Nestle, one of the largest food and beverage companies in the world, expects the sales of its health nutrition business to double from five years ago, Chief Executive Mark Schneider said.
The Swiss company is investing in customized supplements and allergy therapies and is predicting that by the end of 2021 sales will hit nearly $4.4 billion. Schneider believes that the segment is going to be one of the main drivers for the brand’s growth.
Mr Schneider has been driving a push to reshape a business best known for food and drink brands like Stouffer’s ready-meals and Nespresso coffee in a market environment dominated by COVID-19.
Last month, Nestle agreed to buy Aimmune Therapeutics which is a US based biopharmaceutical company that develops treatments for life threatening food allergies, for $2.6 billion in its biggest drive yet into health research. The acquisition offers a promising peanut allergy treatment. This follows the $2.3 billion acquisition in 2018 of Canadian supplement manufacturer Atrium Innovations, adding brands such as probiotics and CBD drops from Garden of Life.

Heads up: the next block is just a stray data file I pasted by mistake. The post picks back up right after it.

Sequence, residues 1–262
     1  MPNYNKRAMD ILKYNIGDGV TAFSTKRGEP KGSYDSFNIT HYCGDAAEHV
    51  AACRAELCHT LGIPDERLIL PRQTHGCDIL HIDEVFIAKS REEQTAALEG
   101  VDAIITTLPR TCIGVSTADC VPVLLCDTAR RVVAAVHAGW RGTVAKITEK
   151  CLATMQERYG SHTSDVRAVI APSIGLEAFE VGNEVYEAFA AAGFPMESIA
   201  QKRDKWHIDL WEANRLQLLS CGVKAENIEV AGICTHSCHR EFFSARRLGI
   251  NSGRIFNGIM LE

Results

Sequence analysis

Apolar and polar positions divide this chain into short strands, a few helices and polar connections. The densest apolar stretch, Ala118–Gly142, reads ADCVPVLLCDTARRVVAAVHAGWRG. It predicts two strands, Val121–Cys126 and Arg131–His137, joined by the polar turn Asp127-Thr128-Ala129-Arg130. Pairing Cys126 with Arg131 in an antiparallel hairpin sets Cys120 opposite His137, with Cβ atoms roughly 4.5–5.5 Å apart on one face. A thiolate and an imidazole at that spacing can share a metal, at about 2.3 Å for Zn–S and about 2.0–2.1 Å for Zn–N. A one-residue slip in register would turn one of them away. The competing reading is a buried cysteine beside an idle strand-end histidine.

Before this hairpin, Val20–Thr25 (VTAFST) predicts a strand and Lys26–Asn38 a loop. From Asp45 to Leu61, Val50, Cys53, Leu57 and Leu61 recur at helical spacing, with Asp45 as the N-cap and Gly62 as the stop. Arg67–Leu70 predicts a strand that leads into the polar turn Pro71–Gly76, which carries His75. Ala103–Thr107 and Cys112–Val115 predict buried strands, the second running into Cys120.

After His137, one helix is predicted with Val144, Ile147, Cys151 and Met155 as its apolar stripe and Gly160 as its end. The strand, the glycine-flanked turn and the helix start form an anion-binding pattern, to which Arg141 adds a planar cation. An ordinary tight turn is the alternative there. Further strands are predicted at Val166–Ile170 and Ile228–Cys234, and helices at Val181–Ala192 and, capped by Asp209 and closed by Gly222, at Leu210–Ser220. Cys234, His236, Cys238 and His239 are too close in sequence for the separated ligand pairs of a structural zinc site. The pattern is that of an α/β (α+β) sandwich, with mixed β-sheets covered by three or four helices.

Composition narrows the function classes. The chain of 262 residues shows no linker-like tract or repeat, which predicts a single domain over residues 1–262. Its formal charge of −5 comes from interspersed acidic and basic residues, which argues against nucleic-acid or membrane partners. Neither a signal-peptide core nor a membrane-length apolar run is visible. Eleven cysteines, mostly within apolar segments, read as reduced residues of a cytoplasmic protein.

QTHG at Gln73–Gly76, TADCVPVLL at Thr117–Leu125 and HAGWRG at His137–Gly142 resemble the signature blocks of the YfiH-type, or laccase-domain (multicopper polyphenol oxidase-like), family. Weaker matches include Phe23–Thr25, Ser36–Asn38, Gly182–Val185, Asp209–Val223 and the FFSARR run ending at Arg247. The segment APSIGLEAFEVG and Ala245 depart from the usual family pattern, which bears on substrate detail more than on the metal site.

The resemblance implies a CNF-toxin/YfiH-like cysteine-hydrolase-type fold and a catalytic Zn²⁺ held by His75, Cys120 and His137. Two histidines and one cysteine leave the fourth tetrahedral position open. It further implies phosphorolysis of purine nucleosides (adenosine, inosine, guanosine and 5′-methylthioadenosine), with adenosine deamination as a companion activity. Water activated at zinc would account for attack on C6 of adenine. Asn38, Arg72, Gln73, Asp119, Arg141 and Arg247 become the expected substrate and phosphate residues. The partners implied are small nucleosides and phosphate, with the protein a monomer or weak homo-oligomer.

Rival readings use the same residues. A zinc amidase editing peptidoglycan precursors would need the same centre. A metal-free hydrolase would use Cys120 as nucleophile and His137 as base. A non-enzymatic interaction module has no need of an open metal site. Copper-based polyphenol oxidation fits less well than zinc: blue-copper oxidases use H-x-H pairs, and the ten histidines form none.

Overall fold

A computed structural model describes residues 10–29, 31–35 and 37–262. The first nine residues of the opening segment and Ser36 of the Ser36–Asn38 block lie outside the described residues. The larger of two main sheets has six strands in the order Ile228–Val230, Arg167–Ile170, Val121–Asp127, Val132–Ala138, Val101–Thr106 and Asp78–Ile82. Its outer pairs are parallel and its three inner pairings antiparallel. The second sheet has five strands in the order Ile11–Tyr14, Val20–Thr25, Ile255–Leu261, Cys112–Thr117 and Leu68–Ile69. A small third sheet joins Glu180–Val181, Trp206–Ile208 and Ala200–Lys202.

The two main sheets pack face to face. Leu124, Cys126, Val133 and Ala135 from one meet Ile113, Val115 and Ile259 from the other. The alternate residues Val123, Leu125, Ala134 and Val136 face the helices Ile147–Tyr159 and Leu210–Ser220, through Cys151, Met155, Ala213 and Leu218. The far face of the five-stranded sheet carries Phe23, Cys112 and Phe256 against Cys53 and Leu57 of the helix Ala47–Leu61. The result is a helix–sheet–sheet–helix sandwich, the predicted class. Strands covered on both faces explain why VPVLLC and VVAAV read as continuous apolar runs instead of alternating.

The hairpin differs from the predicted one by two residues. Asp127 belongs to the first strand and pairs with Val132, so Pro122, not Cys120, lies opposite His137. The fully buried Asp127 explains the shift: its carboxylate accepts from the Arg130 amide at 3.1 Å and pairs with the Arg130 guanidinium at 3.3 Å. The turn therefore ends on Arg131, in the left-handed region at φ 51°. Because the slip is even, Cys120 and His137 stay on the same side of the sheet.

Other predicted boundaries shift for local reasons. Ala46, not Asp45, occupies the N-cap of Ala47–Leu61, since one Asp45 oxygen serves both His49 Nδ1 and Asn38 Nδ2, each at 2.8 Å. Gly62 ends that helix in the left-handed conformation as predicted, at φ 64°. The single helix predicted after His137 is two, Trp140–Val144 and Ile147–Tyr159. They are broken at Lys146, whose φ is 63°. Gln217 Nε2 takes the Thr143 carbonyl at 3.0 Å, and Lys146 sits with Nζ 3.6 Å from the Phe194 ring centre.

For vitamins, minerals and supplements, sales growth has been high, Mr. Schneider said. Nestle will also be paying more attention to fortifying food items in the face of increased demand, he said.
“There is a renewed interest in health and nutrition that advances health and strengthens the immune system. I think this is here to stay, certainly throughout the later stages of this pandemic and we believe also beyond that. The market for supplements is developing rapidly. Personalized vitamins, minerals, and supplements are going to be the next frontier, where you are going to specifically provide what the certain individual requires.”
Since becoming the chief executive in 2017, the German-American executive has both trimmed and broadened the portfolio of the global brand. His first major acquisition was Atrium – supplements maker, which took Nestle into a segment that it had ignored earlier. Last year Prometheus Biosciences, a US-based maker of customized therapies for diseases like cancer, was divested by the firm.
But the health-science unit of Nestle still lags behind the $10 billion potential revenue for the company that former chief executive Paul Bulcke had forecast around a decade ago.